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Take a minute today to dare to think that you and your family were African Americans living in Alabama or Mississippi in the 1960’s. Walk in their shoes for just a moment. I can guarantee you it won’t be comfortable.

Dr. Martin Luther King Jr. brought hope to a people that had little to be hopeful about. Dr. King changed the world: civil rights, voting rights, the war on poverty and economic justice for all. His impact was immediate and necessary.

As Americans we should pause to thank him today and commit to the fight for equality that unfortunately continues today. The robes might be gone, but the white nationalists still advocate for division and hate. Voter suppression of African American voters and other disenfranchised people is on the rise through restrictive policies by conservative right-wing politicians, and income inequality continues to plague poor and working class Americans. Dr. King’s voice was silenced by an assassin’s bullet almost 52 years ago when he was only 39 years old. His legacy lives on.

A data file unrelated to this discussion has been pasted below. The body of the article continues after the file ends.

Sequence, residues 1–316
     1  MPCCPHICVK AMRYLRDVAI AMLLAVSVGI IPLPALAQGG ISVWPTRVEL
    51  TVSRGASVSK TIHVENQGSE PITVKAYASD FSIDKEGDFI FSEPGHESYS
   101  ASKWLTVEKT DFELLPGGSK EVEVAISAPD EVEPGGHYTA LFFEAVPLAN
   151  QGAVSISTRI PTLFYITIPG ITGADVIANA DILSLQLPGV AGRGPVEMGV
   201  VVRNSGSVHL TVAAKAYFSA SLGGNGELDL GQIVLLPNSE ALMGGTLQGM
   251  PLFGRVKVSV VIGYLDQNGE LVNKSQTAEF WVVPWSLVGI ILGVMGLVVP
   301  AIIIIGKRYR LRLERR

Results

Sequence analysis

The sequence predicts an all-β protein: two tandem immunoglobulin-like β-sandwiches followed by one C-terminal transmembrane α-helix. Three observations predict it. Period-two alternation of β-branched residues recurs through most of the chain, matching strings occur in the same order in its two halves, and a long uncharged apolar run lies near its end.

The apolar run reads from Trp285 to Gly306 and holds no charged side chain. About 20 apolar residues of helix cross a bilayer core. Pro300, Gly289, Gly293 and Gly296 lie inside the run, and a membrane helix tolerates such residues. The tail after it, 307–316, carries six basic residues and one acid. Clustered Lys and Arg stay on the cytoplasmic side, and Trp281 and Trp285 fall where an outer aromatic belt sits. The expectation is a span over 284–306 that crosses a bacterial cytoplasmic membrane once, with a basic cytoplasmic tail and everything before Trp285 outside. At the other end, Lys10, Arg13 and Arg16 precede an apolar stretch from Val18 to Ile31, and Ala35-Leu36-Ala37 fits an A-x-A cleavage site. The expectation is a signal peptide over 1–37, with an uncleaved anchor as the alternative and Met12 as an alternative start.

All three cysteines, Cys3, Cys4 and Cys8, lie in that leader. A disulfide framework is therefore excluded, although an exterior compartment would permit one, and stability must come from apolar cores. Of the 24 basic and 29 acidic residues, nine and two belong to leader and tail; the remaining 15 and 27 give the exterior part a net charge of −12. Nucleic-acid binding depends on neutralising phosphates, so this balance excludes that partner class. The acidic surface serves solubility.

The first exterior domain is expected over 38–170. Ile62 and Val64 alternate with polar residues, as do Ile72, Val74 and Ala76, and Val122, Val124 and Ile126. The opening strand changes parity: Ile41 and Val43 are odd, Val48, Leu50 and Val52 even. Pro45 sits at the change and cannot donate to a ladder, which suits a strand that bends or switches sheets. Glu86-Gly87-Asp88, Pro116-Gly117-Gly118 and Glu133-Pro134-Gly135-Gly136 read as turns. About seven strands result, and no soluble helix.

This photo is of a mural on a community center in Chicago where some 40 members of Local #3 prepared and served meals for those in need this past week at the 30th Annual IBEW Electrical Workers Minority Caucus Leadership Conference. Over 400 sisters and brothers from across the US and Canada participated in dozens of projects throughout the city as part of the Day of Action in honor of Dr. King’s legacy.